Electromotility, the bending in response to an electric field, of polyelectrolyte gels in ionic solutions has been identified as a candidate for a potential chemomechanical engines such as muscles. We discovered that the underlying physics of these systems is more complex than previously believed. We found that the bending as a function of time obeys a square root power law. This points strongly towards a diffusion mechanism for the bending. Kinetic evidence for diffusion was independently corroborated by experiments on gels grown or bent in the presence of dyes. We explored the effects of varying poly-ion concentration in the backbone of the polymer and in the surrounding medium. In some cases, the electromotility cannot be described as simple bending.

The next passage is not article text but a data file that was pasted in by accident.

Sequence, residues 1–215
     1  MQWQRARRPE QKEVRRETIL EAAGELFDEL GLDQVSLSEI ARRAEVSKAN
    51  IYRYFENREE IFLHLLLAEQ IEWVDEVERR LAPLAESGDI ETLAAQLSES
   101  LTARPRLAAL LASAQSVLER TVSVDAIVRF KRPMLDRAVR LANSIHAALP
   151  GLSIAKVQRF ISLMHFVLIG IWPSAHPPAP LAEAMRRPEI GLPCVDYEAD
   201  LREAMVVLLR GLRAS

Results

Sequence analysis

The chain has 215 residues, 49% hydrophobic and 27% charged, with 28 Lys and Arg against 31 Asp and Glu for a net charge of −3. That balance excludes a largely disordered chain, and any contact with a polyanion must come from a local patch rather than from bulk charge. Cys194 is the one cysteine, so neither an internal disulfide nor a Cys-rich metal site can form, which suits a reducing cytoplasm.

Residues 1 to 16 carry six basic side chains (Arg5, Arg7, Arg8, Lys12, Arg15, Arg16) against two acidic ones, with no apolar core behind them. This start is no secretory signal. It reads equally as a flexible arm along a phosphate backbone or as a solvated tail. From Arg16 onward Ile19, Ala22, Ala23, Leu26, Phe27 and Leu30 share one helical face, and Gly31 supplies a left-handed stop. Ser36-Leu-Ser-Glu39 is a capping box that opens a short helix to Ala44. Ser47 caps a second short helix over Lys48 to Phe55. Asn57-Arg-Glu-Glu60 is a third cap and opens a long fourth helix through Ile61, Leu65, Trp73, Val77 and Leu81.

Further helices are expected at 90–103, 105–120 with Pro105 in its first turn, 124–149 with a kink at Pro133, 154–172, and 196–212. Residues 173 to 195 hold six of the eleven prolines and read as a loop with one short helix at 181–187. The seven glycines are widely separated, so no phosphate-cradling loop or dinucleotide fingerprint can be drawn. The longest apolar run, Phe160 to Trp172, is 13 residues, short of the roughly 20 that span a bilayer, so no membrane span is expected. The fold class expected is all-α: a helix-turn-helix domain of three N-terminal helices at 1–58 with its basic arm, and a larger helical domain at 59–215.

Deardorff, Dana, "Novel Swelling Structures and Electromotility Response in Polyelectrolyte Gels" (1995). Honors Projects. Paper 14.